ECHR signed in Rome 70 years ago today

ECHR signed in Rome 70 years ago today

On this day 70 years ago, the European Convention on Human Rights was signed in Rome.

The ECHR was the first instrument to crystallise and give binding effect to the rights set out in the Universal Declaration of Human Rights.

It lays down absolute rights which can never be breached by the states, such as the right to life or the prohibition of torture, and it protects certain rights and freedoms which can only be restricted by law when necessary in a democratic society – for example the right to liberty and security or the right to respect for private and family life.

A number of rights have been added to the initial text with the adoption of additional protocols, concerning, in particular, the abolition of the death penalty, the protection of property, the right to free elections or freedom of movement.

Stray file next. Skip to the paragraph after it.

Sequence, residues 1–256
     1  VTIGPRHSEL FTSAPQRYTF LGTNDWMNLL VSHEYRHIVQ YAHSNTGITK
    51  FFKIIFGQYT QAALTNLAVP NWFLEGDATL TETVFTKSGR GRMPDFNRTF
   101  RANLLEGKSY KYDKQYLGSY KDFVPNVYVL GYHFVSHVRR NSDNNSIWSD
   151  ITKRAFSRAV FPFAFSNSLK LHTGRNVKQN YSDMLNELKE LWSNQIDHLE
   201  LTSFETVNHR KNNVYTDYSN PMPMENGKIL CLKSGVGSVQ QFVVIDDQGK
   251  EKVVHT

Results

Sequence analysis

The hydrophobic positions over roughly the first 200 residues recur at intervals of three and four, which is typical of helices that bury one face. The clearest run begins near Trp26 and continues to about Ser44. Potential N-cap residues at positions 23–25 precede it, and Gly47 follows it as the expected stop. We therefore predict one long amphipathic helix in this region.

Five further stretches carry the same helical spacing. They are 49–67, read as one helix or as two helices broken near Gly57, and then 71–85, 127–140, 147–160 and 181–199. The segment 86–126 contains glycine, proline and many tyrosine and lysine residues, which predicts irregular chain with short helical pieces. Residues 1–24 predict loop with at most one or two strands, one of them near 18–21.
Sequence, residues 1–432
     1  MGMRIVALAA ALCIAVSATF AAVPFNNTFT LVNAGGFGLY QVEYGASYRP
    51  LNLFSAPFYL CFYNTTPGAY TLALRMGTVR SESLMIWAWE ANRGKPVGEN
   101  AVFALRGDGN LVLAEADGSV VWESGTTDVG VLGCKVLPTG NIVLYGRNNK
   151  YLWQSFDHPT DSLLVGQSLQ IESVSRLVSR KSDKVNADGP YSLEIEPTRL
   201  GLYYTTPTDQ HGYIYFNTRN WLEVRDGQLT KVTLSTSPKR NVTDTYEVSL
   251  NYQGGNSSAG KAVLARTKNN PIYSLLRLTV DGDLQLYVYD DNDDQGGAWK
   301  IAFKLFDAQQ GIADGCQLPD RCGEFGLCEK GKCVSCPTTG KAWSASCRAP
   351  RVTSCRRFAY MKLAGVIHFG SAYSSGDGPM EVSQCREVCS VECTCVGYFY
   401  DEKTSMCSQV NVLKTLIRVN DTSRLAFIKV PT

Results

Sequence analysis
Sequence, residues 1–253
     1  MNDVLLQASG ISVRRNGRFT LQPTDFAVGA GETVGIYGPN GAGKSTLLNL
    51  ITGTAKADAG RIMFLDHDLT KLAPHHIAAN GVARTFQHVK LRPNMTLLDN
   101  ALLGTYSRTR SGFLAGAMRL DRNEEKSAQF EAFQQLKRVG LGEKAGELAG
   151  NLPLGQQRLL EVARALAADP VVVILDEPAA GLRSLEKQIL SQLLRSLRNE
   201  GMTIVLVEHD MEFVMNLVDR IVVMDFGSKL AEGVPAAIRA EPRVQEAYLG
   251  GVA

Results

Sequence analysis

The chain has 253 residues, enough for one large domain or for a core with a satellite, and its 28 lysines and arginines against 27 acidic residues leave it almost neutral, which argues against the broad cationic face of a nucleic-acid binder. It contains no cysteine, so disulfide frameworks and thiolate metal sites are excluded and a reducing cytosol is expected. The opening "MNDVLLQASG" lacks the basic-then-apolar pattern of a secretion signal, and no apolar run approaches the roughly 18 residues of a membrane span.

The future of the ECHR is, however, unclear. In recent years there have been calls in the UK for withdrawal from the Convention.

Speaking in Edinburgh in January this year, Phillipe Sands QC, said Britain was now “part of the problem”.

He said: “There are real signs that the fabric that created the 1945 settlement is truly beginning to unravel.”

And those responsible for its unravelling “include not only the Orbans and the Bolsonaros and the Dutertes of the world but the Trumps – and the Johnsons”.

“It appears that Britain and the United States, as they retreat from their commitment to the multilateral legal order, are now part of the problem, not part of the solution.”

Share icon
Share this article: